Rocket defies fashion like nothing else that has been subjected to such overuse, misuse, abuse and downright misspelling. It’s been picked from the wild and cultivated for aeons by people who eat for pleasure and, like all the most interesting vegetables, can vary widely in flavour depending on its age and place of birth. Young, early-spring rocket, or tunnel-grown, is delicate, pale and subtle; later on, when the leaves are bigger, darker and tougher, it can be peppery, pungent and bitter. Some people have an ideal rocket and while I tend towards the more mature and robust, I love to follow its changes and make adjustments to how I treat it. This recipe needs a strong-flavoured rocket to cope with the various sweet, sharp and peppery flavours. It is an evolved salad, taking one element from a dinner I had at Chez Panisse in San Francisco, a couple from home and one from an otherwise awful meal in Dublin, which I can’t bring myself to credit. The parmesan mixed into the salad lifts it to a higher level, because if there’s one thing rocket loves, young or old, it’s fresh parmesan. The essence of this salad, the one we eat at home, is rocket, parmesan, olive oil and balsamic vinegar, eaten using fingers as cutlery, of course.
SOAK THE CURRANTS IN HOT WATER - just enough to cover them - for 20 minutes, then drain off the water. Pick through the rocket and parsley to sort out any unworthy leaves and tough stalks. Leave the rocket leaves whole and tear the parsley stalks into manageable pieces, about the size of the rocket leaves. Slice the red onion very thinly in half-rounds, and gently mix it into the rocket with the currants, the grated parmesan and some coarsely ground black pepper.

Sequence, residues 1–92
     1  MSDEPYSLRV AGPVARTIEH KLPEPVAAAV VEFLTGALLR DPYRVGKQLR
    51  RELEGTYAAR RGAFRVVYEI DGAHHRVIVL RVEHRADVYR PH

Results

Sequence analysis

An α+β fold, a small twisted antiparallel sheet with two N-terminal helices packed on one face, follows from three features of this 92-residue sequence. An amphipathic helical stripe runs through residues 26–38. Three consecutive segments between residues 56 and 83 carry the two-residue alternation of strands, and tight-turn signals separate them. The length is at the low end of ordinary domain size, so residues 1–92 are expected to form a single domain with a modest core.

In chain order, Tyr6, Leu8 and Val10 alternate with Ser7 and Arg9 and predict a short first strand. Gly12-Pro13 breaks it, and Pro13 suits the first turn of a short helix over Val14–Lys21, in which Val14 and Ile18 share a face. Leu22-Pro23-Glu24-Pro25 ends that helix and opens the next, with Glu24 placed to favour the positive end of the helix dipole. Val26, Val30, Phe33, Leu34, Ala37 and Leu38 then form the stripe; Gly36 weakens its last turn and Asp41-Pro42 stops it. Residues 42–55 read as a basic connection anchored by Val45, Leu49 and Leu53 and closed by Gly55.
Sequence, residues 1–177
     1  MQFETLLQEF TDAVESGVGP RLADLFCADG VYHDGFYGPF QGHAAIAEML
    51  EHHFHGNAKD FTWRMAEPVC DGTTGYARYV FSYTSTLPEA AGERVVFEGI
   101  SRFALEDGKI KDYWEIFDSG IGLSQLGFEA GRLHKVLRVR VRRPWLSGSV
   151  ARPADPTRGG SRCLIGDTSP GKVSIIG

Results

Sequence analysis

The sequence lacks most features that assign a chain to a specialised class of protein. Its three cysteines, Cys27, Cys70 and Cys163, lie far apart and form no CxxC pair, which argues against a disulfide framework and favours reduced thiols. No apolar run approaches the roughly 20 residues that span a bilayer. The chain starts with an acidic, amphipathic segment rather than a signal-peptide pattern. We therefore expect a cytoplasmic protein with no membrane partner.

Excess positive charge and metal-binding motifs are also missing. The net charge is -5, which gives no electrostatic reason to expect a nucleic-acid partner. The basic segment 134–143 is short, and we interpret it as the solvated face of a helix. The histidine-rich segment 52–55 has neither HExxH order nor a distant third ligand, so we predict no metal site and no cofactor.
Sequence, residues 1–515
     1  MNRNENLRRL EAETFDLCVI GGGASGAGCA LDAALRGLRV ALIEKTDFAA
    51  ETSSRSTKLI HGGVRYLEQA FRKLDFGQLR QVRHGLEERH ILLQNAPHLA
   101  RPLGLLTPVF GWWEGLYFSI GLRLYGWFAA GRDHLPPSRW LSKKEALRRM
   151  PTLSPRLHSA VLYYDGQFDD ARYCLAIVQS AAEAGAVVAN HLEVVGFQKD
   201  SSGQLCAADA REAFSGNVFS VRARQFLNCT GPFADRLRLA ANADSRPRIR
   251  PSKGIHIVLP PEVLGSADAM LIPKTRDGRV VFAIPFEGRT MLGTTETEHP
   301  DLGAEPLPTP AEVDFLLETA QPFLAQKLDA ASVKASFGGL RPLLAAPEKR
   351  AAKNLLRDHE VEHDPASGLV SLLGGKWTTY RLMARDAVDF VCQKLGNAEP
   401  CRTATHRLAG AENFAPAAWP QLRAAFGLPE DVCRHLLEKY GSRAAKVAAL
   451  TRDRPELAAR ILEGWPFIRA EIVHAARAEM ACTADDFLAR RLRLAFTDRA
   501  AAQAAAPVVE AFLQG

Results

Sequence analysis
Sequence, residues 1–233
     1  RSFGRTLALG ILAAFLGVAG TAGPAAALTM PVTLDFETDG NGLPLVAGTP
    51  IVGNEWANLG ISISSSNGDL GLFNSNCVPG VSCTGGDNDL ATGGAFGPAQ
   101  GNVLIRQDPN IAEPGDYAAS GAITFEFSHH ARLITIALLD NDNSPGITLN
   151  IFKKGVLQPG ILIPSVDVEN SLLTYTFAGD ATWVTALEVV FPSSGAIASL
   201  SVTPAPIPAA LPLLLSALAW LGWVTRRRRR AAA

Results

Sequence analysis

To make the dressing, put the oil and vinegar in a jar, crush the garlic and add it in. Put a lid on the jar and shake it briskly for a few seconds. Use a whisk and jug if you prefer, but not an electric blender as the result will be too thick to do anything but sit on top of the salad. Toss the salad in the dressing, distribute it on to four plates and scatter a few shavings of parmesan over each one.
To make the crostini, first take any crust off the bread. The slices need to be about 10mm thick. Brush the slices generously on both sides with olive oil and put them in a moderate oven for about ten minutes. You may need to turn them once, though a fan oven will cook both sides evenly. The crostini are done, or at least done to my liking, when the slices are crisp on all sides while retaining some softness in the middle. They will keep for a few days in this condition in an airtight container.
To finish the crostini, spread a thin layer of tomato pesto on each slice and pop them back in the oven or under a grill just to warm them through. Cut the slices into small triangles, or any shape you want, and tuck a few crostini into each salad or put them on the table separately.
© 1999 All rights reserved. Published by Cork University Press.